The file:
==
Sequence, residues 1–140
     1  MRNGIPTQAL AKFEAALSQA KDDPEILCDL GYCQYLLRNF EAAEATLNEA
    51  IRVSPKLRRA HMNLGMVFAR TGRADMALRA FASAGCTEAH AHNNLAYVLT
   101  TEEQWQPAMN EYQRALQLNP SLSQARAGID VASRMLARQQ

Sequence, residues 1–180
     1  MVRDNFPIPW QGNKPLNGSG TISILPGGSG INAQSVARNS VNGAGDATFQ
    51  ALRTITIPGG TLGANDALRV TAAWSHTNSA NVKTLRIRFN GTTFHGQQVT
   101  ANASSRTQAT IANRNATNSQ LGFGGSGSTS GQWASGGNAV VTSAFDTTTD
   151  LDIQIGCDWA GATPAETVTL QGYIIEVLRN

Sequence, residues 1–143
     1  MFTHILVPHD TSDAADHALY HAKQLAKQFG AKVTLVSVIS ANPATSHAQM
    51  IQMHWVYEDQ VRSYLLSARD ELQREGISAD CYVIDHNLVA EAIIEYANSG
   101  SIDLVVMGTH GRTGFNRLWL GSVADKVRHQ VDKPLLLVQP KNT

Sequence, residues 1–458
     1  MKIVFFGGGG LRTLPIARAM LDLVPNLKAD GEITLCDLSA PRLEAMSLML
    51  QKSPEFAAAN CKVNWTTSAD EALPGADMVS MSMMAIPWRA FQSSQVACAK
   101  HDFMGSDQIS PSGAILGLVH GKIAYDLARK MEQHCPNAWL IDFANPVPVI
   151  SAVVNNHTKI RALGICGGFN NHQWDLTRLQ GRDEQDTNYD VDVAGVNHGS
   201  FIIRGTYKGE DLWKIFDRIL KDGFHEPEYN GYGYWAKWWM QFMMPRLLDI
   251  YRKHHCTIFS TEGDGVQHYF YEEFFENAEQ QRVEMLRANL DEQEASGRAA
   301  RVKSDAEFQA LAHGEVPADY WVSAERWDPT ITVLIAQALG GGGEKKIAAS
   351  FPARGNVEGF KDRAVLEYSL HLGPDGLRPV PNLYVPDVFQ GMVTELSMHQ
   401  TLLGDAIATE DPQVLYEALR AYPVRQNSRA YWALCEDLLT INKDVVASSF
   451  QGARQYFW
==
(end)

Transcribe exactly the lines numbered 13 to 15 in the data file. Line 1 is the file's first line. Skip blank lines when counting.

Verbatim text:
   101  SIDLVVMGTH GRTGFNRLWL GSVADKVRHQ VDKPLLLVQP KNT

Sequence, residues 1–458
     1  MKIVFFGGGG LRTLPIARAM LDLVPNLKAD GEITLCDLSA PRLEAMSLML